Accessibility, Internationalization, and Keyboards (#2: Accelerators)

by Michael S. Kaplan, published on 2004/12/24 02:21 -05:00, original URI:

This post is one of a series that I will be putting up over the next few weeks about international and non-international issues surrounding keyboards, MSKLC, and accessibility. Through them I will deal with issues important to developers in their application, issues important to keyboard authors in their works, and issues important in the use of MSKLC (and MSKLC's own accessibility triumphs and failures).

The first article is very related to this one and is about shortcuts. In this article I promise that I will do plenty of riffing on the differences between the two.

If, you read the first post (link above) then you know about how weird shortcuts can get in international scenarios.

But think for the moment about how they use the basic keystrokes and do not care what is under them in the way of characters.

Accelerators, on the other hand, use the menu architecture. In fact the virtual key name for the ALT key is VK_MENU , which says a lot about the original intent of these keys. 

Note: Most European keyboard layouts hijack the ALT key on the right side of the keyboard to get a new shift state. It is usually labeled ALTGR for reasons that I will explain another day. :-)

A good example of Accelerators is <Left Alt>+<f> to open up the File menu or <Left Alt>+<d> to select the "Destroy" button on the dialog. These accelerators do not use the keystrokes like shortcuts do, they use the actual characters that show up in a WM_CHAR message if the application passes the WM_KEYDOWN message to DefWindowProc.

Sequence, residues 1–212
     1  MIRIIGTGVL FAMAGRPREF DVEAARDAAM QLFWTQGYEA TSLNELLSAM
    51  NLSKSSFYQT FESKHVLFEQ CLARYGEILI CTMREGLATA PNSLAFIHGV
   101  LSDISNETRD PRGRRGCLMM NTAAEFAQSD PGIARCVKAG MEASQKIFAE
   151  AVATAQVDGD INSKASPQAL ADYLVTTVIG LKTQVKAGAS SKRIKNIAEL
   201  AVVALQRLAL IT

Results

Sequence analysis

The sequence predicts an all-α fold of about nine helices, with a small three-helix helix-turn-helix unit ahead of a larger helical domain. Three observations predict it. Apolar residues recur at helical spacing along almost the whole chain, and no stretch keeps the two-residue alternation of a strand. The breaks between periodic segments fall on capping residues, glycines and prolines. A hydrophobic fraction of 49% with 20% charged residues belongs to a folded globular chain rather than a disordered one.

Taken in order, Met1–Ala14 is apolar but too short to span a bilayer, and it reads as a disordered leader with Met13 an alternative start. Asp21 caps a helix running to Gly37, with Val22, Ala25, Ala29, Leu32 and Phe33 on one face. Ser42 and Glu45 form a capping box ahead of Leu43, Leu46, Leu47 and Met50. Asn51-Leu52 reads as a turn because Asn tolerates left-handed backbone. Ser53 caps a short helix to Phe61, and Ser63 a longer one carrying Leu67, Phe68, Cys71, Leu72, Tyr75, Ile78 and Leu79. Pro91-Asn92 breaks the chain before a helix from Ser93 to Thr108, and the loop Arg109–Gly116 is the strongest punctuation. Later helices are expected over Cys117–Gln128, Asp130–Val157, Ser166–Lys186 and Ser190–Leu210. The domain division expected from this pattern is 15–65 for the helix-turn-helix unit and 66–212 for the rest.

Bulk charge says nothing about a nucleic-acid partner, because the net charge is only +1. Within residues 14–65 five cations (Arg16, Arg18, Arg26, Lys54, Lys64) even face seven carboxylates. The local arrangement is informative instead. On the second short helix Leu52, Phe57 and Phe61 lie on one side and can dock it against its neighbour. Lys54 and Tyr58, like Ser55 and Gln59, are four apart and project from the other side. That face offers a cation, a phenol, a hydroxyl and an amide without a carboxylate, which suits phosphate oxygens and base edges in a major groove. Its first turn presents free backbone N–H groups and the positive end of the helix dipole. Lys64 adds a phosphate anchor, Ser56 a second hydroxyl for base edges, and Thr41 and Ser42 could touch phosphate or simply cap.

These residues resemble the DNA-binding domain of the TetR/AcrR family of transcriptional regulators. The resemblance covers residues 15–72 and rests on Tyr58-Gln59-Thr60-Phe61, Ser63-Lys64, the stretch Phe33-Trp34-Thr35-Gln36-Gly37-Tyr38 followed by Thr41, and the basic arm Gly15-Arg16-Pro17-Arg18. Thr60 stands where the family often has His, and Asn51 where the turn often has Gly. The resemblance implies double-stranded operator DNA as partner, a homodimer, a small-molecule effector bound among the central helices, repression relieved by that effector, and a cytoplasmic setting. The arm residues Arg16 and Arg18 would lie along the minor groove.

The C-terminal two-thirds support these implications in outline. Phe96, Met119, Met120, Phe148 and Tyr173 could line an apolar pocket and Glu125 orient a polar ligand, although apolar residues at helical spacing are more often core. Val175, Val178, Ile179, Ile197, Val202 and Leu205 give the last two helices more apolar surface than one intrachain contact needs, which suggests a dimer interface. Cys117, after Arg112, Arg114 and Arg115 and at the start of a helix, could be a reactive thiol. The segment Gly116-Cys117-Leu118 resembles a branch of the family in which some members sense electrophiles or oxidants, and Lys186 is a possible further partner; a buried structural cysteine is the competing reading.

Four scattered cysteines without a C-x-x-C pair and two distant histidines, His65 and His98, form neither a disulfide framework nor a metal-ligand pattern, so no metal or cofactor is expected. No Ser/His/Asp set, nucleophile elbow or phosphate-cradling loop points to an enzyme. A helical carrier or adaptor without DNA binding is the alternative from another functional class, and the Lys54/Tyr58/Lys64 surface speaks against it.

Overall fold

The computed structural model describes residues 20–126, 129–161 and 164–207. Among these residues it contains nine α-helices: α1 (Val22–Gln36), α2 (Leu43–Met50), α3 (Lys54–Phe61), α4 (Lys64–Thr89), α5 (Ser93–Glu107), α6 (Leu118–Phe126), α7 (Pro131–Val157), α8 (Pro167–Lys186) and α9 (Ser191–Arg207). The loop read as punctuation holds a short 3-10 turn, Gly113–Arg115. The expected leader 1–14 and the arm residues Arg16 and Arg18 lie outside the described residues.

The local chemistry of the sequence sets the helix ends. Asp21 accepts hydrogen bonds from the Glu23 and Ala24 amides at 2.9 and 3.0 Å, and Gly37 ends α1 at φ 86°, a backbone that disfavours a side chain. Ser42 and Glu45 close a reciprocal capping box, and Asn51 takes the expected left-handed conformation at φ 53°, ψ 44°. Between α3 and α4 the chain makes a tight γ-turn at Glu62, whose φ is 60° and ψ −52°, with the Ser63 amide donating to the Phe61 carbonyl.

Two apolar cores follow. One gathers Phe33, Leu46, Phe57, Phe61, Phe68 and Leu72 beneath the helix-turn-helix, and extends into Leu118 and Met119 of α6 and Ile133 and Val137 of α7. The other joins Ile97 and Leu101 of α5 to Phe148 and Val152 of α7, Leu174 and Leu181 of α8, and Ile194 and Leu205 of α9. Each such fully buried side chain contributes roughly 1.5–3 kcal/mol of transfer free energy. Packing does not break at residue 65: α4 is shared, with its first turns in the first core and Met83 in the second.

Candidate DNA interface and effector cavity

The upshot of this differences is that they are 100% subject to both localization of the menu items to control the choices and also the keyboard layout choice which may or may not contain the letters in question. This means that anytime the user's keyboard layout does not contain the characters used in the shortcuts

Now other controls can have accelerators on them, and they are often considered wonderful accessibility helpers for that reason. Anyone who has ever tried to look at a web page and had to scroll through dozens or even hunderds of controls and URLs knows that tabbing between controls is not a very usable option.

Note that any time the keyboard layout language does not match the product's localization these items will not work. This includes CJK (Chinese/Japanese/Korean) is the one place where the specific language is used (for what its worth); because you cannot type Kanji in single keystroke, the localization effort usually includes ASCII letters for accelerators. Every other language can have problems here, and even the CJK languages will have problems if you switch to a keyboard layout that does not have the ASCII letters in it. CJK and English (note that you can verify this by opening notepad on an English Windows and switching to a Hindi (or any other language) keyboard and then try to access accelerators -- they will not work.

On the whole, this means that accelerators almost always have potential to suck from the standpoint of accessibility. While shortcuts only suck until people learn where they are in other languages, the accelerators will always be broken when you switch languages and should thus never be used to meet accessibility requirements since they can easily be made unavailable.

Now shortcuts and accelerators do both have some things in common -- for example, they both cannot have Han on them, and they also cannot really have dead keys or ligatures (in the keyboard sense -- two or more UTF-16 code points -- not in the typographical sense).